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  #11  
Old 10-31-2012
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re: First boat: Cal 2-27, Pearson 28 or Islander 28?

Quote:
Originally Posted by SlowButSteady View Post
Whoever told you that didn't know much about sailing.

Learning to sail is in large part learning to integrate ALL the cues available. If you can master sailing a flippy little dinghy you'll be in a far better position to sail a ballasted boat, particularly when you get caught in nasty weather (and you WILL get caught in nasty weather, sooner or later). But, it's your life. Just do us all a favor and don't get a boat-load of friends and/or kids hurt or killed when you find out how valuable it would have been to have developed your sailing skills on a smaller boat.
I don't doubt dinghy sailing experience would be advantageous, I just don't think it would be the only way to learn. I would think it would be more dangerous to take out a "flippy little boat" on the SF Bay, especially in bad weather, than a sturdy keel boat. Maybe it would've been different on a lake.

Not sure why this point of view irritated you, but if it makes you feel better, I did state that I plan to single-hand most of the time. I also intend to take plenty of lessons and stay in protected waters until I'm confident in my sailing abilities, as well as take every safety precaution possible. If that seems reckless to you, well, we'll just have to agree to disagree.
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re: First boat: Cal 2-27, Pearson 28 or Islander 28?

Like I said, it's your life.

BTW, I learned how to sail on SF Bay, Berkeley Aquatic Park, and Lake Merced, in a dinghy.
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re: First boat: Cal 2-27, Pearson 28 or Islander 28?

Maybe I sound a little harsh. But I'm getting tired of hearing about novice sailors (often with an ASA class or two to "brag" about) who get themselves in way over their heads and make dumb (sometimes fatal) decisions because they never learned to control a boat in marginal conditions. Sailing a dinghy gives you some of that experience, because dinghies are far more often "on the edge".

But, I say this all the time, and people ignore me and learn the hard way. So be it.
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re: First boat: Cal 2-27, Pearson 28 or Islander 28?

Sometimes I think I'd feel safer in a small dinghy. At least it won`t go anywhere if I fall overboard.

For pure sailing, a smaller boat is so much nicer... sigh. There is nothing like the sensation of being part of the boat, one arm feeling the wind through the sheet and the another one feeling the flow of the water on the tiller.

Dinghy sailing skills are completely transferable in the sense that you will know when you are doing something stupid even if your large boat does not immediately sends the feedback. Now, knowing how to right a boat should hopefully be less useful.
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re: First boat: Cal 2-27, Pearson 28 or Islander 28?

Although I have always liked the Cal, a re-power alone may end up costing more than a whole boat with a working motor. The cost to the prior owner to re-power my boat was twice the asking price of the boat you are looking at. My boat is about the same size and age and came originally with a A4 or Ferrymann diesel. For comparison here is one in my area that has been on the marked for a while, with a working diesel,
Cal 2-27 Sailboat,
If you go with the outboard you will come out ahead for a time, but if the long term plan is to work out some type of inboard power you might be in for a pretty big total investment compared to a ready to go boat. That may not be a bad thing if you have the $, love the boat, and have the time and skill to get it done.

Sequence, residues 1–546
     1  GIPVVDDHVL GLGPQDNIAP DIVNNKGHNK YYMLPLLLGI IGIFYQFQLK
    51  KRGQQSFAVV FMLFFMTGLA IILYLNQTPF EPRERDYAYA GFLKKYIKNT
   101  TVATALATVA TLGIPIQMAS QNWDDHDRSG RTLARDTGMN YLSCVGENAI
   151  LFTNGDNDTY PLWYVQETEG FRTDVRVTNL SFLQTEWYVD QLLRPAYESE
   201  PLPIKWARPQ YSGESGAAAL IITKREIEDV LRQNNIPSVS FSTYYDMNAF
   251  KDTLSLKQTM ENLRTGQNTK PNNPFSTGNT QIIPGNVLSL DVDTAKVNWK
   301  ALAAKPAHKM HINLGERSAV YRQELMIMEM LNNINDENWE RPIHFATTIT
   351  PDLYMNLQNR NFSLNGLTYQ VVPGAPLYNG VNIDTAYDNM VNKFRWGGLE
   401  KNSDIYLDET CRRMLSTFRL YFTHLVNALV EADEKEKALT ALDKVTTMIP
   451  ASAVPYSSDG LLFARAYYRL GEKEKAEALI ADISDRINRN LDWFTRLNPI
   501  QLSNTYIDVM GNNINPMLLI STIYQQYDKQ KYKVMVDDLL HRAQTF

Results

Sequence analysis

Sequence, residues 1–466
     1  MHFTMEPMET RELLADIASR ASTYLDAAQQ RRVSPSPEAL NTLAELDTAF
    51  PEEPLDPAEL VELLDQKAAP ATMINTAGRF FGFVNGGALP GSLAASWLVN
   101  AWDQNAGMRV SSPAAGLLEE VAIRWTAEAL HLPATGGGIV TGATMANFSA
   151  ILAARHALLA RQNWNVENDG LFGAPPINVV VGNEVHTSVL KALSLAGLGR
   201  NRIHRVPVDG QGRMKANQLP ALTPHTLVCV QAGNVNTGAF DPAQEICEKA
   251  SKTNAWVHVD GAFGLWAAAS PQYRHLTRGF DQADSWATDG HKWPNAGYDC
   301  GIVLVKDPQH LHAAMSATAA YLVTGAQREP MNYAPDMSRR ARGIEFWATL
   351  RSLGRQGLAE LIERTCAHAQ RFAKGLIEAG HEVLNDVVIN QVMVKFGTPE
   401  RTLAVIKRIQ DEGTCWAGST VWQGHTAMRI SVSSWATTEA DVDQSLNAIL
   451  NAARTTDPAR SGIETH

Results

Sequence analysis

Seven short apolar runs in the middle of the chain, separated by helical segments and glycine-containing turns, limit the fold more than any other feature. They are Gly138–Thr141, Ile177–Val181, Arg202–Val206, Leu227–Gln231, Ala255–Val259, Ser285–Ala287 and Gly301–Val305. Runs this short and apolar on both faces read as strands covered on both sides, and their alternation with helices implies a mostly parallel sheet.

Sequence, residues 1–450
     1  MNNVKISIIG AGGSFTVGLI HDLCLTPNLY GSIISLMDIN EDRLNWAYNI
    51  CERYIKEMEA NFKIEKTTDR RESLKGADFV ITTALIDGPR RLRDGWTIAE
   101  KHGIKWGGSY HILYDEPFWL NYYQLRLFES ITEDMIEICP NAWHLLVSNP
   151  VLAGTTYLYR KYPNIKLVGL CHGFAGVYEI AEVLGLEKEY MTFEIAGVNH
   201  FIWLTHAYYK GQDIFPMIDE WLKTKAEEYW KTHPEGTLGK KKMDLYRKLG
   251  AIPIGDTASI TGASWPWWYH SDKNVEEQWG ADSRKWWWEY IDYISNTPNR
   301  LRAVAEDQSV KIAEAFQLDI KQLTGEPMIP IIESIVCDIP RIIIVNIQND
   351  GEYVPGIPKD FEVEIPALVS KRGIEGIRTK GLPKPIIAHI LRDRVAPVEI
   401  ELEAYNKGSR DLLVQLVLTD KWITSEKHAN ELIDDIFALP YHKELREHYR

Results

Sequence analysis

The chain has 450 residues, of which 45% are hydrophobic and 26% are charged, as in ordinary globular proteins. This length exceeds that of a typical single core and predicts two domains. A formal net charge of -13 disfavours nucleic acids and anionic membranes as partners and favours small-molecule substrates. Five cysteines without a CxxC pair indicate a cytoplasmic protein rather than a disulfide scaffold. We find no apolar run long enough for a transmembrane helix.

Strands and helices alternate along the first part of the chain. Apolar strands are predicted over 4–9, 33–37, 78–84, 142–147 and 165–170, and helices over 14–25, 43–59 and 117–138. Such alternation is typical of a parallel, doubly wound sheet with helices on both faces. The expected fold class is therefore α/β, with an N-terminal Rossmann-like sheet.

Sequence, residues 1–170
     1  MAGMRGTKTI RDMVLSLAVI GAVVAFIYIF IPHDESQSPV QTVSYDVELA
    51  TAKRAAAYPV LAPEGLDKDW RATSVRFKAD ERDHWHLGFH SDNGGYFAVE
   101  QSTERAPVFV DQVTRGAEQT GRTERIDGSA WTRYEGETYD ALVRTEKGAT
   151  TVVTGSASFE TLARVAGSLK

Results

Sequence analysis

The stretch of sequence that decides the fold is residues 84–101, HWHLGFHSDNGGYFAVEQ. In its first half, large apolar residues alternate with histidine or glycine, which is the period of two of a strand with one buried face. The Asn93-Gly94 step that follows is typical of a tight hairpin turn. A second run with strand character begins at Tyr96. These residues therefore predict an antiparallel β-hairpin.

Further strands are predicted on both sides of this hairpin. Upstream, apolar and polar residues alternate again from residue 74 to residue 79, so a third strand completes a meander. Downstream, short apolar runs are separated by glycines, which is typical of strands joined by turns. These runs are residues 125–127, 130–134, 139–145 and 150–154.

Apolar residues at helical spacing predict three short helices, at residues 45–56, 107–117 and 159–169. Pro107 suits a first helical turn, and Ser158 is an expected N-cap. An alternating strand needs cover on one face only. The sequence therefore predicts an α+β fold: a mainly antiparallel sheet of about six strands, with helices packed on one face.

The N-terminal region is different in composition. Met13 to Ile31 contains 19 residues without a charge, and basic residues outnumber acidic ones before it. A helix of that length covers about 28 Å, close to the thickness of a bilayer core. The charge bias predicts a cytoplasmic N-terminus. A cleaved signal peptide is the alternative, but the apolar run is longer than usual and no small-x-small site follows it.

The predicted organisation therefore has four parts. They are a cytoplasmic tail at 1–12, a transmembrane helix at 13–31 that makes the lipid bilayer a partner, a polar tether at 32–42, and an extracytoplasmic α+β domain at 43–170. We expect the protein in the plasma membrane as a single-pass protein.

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re: First boat: Cal 2-27, Pearson 28 or Islander 28?

Funny you should mention it, I just completed ASA101 course I wouldn't "brag" about it though, it's more an indication of how "green" I really am, not the other way around.

I didn't mean to sound ungrateful for the advice, and I do understand your point. It's just that I don't think it's the only way to learn, although I fully accept that it may be the best one.

Although I'm very new to sailing, I've been a car driver for 20 years, so I'll try to compare to that. I drove different kinds of cars, from 300hp tuned sports cars to delivery trucks, different conditions, from highway cruising, to mad Paris driving, to club time trials on the track. That still doesn't qualify me as an expert, but I do believe I have enough experience to appreciate the insight driving a small sports car gives you, that feeling of being connected to the road, getting feedback that helps you understand the consequences of your actions. Ideally, everyone should learn to drive by getting into a go-cart, as that gives you the most feedback. Unfortunately, it's very seldom the case and you can become a very good driver even if you drive an SUV, all you need is a desire to learn and proper instruction. Safety is, of course, an issue and should be taken very seriously, especially when there're passengers or other people on the road are involved. Practicing trail breaking on a freeway in the middle of rush hour is hardly a sane thing to do, but doing the same thing on a track with an instructor in the passenger seat would be very useful.

Now, does all this relate to sailing as well, or am I way off? If I am, I would be grateful for any insight. In my, admittedly uneducated, opinion starting to sail on a 27' moderate displacement boat would be like staring to drive in a Camry. Probably not the best choice, but far from the worst. Am I wrong to draw that parallel?

All that said, I do appreciate all the feedback, I really do. I just reserve the right to respectfully defend my own views on the subject, however naive and baseless they may be.

Cheers,
Alex.
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re: First boat: Cal 2-27, Pearson 28 or Islander 28?

Quote:
Originally Posted by baboon View Post
Although I have always liked the Cal, a re-power alone may end up costing more than a whole boat with a working motor. The cost to the prior owner to re-power my boat was twice the asking price of the boat you are looking at. My boat is about the same size and age and came originally with a A4 or Ferrymann diesel. For comparison here is one in my area that has been on the marked for a while, with a working diesel,
[link removed] Cal 2-27 Sailboat,